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Selecting the right contractor for sectional title renovations

In most parts of SA, winter is definitely the best time for the trustees of sectional title schemes to schedule any major improvement or renovation projects that are in their budgets for the year.

“The usually dry and sunny days mean that anything from painting and varnishing to fencing, paving, pool renovation and waterproofing is likely to take less time in winter – and may well cost less too, because this is a slower period for many contractors, says Andrew Schaefer, MD of leading national property management company Trafalgar*.

“Having said that, though, contractors should never be appointed on price alone or in haste. It is important for the trustees to check that they are properly qualified, properly insured and have a verifiable track record of completed projects similar in size and scope to the one being contemplated.

“Really large and well-known contractors may not be set up to undertake the work planned for a smaller sectional title scheme, and trustees need to remember that it is not uncommon for smaller companies to get in over their heads when trying to generate work – no matter how good their intentions.”

When calling for quotes, he says, the trustees will also need to provide contractors with a clear and detailed brief of the work envisaged, so they will be able to compare “apples with apples” when the prices come in.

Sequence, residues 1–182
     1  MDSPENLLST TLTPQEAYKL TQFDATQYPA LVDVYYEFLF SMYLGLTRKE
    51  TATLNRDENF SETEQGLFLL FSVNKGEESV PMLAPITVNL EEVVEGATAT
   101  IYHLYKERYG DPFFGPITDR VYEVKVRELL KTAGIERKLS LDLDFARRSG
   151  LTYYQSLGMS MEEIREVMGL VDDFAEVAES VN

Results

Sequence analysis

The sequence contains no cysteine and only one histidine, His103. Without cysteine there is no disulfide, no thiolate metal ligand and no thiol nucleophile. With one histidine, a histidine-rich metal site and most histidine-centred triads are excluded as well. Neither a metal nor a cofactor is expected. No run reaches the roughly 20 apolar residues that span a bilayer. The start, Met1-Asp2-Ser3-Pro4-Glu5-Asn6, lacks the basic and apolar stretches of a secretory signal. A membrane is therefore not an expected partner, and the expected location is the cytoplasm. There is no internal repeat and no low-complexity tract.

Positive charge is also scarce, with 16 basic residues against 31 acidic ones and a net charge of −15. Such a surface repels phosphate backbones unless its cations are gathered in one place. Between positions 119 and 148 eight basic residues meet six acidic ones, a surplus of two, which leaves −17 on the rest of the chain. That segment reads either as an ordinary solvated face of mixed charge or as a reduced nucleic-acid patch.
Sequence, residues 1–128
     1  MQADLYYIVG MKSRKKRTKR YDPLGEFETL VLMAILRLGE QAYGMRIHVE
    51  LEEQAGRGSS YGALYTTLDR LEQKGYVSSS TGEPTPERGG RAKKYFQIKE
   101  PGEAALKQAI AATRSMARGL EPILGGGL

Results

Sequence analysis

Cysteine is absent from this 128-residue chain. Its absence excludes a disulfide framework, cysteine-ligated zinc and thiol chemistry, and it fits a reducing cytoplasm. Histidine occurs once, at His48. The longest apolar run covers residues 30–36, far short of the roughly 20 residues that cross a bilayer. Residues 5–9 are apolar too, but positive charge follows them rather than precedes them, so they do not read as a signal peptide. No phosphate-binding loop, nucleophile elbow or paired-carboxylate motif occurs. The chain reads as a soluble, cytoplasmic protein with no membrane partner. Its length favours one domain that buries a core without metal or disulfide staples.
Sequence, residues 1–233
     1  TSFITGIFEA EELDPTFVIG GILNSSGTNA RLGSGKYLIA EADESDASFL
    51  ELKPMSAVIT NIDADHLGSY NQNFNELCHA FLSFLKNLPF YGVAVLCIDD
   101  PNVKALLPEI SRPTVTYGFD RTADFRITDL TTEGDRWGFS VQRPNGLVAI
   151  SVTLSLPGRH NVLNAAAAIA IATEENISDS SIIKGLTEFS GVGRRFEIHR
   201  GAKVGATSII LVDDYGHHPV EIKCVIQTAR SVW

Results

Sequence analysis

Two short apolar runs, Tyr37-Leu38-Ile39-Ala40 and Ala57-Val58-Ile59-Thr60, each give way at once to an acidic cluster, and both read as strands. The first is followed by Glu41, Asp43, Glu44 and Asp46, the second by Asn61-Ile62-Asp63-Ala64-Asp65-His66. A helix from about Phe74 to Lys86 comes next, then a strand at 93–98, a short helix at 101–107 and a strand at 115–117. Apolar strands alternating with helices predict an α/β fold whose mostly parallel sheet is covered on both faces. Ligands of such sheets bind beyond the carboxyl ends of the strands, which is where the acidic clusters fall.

“And if the project involves building or any other work that could affect the structure of the buildings in the scheme and thus the building insurance premiums or cover, it might in fact be a good idea to have the work brief written by a specialist maintenance advisor such as Curasure (http://www.curasure.co.za/) and the quotes checked by that same specialist.

“This will minimise the risk to the owners in the scheme and help to ensure that the winning contractor delivers a top quality job with the fewest hitches.”

For larger projects, Schaefer says, the trustees should make use of formal (JCBB) building contracts, and even on smaller ones they should ensure that any contract they sign contains the contractor’s contact information and physical address, proof of any professional memberships or affiliations, a project schedule, and any building plans, permits and guarantees or warranties that are necessary.

“There should also be a schedule of payments, and once work begins, the trustees must never give in to any requests to deviate this and make advance payments. This is often a danger sign that the contractor has a cash flow problem and needs ‘quick money’ to pay wages or supply bills so that he can stay in business. In this case the current client could easily be left high and dry with uncompleted work until the contractor is able to draw money from the next project.

“Trustees should thus only agree to make progress payments for work already completed – after it has been inspected to verify quality – and should also keep a suitable retainer until the whole contract has been satisfactorily completed. In fact, if the project is large, they should seriously consider hiring an independent project manager to oversee the work and ensure that it is done properly. In most cases, this extra expenditure will more than pay for itself in reduced aggravation, timely completion of work and superior workmanship.”


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